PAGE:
(2) prosecutorial comments denied Welch a fair trial; and

(3) the trial court failed to correctly instruct the jury.

Sentencing phase issues are whether:

(4) improper victim impact statements resulted in the death penalty;

(5) the trial court's answer to the jury's questions while deliberating on his sentence rendered his sentencing fundamentally unfair;

(6) the omission of a jury instruction at sentencing prevented consideration of mitigating factors;

(7) aggravating factors were supported by either improper or insufficient evidence; and

(8) the trial court erred in failing to instruct the jury it could reject the death penalty even if it found aggravating factors.

Finally, Welch claims (9) he received ineffective assistance of trial and appellate counsel and (10) the accumulation of error had a substantial and injurious effect on the verdict of guilt and his death sentence.


Under the Anti-Terrorism and Effective Death Penalty Act (AEDPA), a petitioner is entitled to federal habeas relief only if the state court decision “was contrary to, or involved an unreasonable application of, clearly established Federal law, as determined by the Supreme Court of the United States, or ․ was based on an unreasonable determination of the facts in light of the evidence presented in the State court proceeding.” 28 U.S.C. § 2254(d)(1)-(2). We presume the factual findings of the state court are correct unless the petitioner rebuts that presumption by “clear and convincing evidence.” 28 U.S.C. § 2254(e)(1). “We review the district court's legal analysis of the state court decision de novo.” Bland v. Sirmons, 459 F.3d 999, 1009 (10th Cir.2006).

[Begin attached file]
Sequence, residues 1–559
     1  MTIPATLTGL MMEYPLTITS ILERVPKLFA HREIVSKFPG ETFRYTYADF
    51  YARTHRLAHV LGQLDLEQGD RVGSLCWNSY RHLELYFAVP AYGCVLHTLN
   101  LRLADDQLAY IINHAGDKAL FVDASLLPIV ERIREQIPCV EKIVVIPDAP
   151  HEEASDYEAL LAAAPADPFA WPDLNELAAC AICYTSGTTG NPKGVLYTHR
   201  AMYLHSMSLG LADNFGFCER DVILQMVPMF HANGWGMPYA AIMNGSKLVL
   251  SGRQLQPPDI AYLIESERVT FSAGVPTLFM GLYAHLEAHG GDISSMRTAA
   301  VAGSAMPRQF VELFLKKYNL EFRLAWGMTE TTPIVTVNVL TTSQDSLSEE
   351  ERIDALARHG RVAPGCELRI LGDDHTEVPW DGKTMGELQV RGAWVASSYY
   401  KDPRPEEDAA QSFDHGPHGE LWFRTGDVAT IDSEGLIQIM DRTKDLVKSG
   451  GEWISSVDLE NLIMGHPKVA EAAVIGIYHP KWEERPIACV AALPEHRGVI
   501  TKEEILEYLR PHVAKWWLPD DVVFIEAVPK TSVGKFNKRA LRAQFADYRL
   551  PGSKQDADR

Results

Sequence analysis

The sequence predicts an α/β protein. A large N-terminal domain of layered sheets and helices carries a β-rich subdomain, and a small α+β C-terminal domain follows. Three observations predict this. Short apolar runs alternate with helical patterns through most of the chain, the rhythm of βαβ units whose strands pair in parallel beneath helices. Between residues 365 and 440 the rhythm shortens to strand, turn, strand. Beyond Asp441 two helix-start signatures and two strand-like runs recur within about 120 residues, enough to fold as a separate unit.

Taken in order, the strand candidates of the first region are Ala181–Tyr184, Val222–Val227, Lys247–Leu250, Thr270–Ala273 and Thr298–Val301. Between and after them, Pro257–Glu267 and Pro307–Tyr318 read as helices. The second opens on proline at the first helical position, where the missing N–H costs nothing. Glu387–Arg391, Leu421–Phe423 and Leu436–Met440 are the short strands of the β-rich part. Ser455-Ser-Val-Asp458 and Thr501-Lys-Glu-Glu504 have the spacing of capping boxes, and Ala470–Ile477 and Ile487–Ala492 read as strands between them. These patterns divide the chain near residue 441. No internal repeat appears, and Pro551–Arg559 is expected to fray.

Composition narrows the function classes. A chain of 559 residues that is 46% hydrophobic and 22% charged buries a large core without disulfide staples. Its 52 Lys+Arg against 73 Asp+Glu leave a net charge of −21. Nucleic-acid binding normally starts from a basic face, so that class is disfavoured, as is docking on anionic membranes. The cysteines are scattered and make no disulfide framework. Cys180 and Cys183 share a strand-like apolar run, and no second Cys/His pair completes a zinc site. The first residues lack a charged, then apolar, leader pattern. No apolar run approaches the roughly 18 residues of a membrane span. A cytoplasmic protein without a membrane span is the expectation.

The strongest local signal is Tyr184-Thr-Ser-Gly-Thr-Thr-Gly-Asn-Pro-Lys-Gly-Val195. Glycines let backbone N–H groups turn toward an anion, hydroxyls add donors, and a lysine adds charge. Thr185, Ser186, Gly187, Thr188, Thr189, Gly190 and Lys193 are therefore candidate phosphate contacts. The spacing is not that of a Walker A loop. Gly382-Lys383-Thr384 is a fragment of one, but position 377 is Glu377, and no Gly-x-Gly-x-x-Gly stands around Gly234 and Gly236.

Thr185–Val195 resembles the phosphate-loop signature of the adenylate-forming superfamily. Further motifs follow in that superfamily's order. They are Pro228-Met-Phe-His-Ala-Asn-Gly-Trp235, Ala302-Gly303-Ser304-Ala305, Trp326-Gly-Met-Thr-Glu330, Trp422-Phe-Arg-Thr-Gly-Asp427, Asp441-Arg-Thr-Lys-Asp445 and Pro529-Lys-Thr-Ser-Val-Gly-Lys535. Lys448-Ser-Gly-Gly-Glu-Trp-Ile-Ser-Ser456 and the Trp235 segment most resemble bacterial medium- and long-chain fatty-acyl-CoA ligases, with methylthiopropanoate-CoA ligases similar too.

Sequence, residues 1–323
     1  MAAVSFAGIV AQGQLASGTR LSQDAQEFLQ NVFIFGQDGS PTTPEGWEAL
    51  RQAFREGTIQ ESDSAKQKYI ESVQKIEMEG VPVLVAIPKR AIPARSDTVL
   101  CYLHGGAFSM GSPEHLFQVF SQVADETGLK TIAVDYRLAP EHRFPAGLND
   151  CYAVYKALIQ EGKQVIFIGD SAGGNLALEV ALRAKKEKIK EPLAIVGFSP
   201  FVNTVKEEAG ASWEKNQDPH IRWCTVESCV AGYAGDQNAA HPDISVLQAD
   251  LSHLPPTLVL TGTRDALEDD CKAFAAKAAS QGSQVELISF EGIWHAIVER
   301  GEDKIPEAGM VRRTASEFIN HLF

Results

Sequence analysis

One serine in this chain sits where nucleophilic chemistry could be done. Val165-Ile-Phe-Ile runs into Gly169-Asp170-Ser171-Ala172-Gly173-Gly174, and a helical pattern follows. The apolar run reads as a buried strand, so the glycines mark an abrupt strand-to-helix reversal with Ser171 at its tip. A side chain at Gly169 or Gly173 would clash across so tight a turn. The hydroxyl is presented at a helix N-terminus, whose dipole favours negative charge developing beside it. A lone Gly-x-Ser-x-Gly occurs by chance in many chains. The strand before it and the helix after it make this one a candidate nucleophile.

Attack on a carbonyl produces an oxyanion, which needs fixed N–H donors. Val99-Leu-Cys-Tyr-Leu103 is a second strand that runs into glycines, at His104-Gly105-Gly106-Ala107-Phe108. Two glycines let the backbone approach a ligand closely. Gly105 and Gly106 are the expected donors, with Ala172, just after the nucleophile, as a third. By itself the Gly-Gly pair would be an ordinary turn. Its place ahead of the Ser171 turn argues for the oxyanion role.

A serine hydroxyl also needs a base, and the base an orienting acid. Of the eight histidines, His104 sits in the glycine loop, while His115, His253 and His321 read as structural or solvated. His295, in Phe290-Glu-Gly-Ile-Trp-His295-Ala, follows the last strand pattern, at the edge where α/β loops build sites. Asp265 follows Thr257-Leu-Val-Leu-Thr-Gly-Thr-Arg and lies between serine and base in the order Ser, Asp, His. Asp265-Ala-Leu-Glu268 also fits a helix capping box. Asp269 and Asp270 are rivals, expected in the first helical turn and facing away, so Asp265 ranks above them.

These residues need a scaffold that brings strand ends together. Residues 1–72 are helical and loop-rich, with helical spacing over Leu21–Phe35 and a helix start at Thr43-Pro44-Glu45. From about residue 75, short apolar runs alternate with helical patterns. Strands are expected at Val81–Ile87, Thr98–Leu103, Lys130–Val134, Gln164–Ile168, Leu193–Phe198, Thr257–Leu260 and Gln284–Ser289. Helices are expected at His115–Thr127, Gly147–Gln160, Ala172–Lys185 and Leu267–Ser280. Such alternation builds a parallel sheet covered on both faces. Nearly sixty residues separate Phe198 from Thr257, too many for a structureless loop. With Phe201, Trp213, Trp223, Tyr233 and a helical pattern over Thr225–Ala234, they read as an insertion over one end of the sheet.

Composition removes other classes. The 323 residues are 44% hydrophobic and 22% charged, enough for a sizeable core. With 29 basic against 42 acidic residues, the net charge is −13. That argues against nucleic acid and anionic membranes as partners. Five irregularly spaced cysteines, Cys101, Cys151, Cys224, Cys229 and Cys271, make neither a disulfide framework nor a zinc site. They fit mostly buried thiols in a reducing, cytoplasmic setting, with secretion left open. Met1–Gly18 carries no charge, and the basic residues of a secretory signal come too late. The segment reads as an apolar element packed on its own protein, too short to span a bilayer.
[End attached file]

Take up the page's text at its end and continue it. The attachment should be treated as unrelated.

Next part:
In applying § 2254(d), we first determine whether the principle of federal law on which the petitioner's claim is based was clearly established by the Supreme Court at the time of the state court judgment. Id. “[C]learly established law consists of Supreme Court holdings in cases where the facts are at least closely-related or similar to the case sub judice. Although the legal rule at issue need not have had its genesis in the closely-related or similar factual context, the Supreme Court must have expressly extended the legal rule to that context.” House v. Hatch, 527 F.3d 1010, 1016 (10th Cir.2008). “The absence of clearly established federal law is dispositive under § 2254(d)(1).” Id. at 1018.

Once the existence of clearly established federal law is confirmed:

[W]e then consider whether the state court decision was ‘contrary to’ or an ‘unreasonable application of’ that clearly established federal law․ A decision is ‘contrary to’ clearly established federal law for purposes of § 2254 if the state court applies a rule that contradicts the governing law set forth in [Supreme Court] cases or if the state court confronts a set of facts that are materially indistinguishable from a decision of [the Supreme Court] and nevertheless arrives at a result different from the result reached by the Supreme Court.

Bland, 459 F.3d at 1009 (quotations omitted) (citing Williams v. Taylor, 529 U.S. 362, 405-06 (2000)). A different result means the state decision must be “diametrically different” and “mutually opposed” to clearly established Supreme Court precedent. Id. “A state court decision involves an ‘unreasonable application’ of federal law if ‘the state court identifies the correct governing legal principle from [Supreme Court] decisions but unreasonably applies that principle to the facts of the prisoner's case.’ “ Id.